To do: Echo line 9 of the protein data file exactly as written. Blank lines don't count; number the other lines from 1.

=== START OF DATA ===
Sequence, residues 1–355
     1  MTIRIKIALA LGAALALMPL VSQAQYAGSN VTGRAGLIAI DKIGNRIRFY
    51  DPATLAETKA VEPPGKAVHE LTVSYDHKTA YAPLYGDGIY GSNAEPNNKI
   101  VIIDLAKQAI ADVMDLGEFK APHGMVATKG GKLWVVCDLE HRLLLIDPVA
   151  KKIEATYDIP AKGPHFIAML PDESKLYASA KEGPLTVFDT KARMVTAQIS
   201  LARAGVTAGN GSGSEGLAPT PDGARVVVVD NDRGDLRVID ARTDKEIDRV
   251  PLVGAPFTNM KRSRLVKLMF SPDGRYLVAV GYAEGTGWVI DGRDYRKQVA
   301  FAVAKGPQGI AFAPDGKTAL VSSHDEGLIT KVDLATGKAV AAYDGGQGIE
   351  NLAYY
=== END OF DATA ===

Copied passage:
   351  NLAYY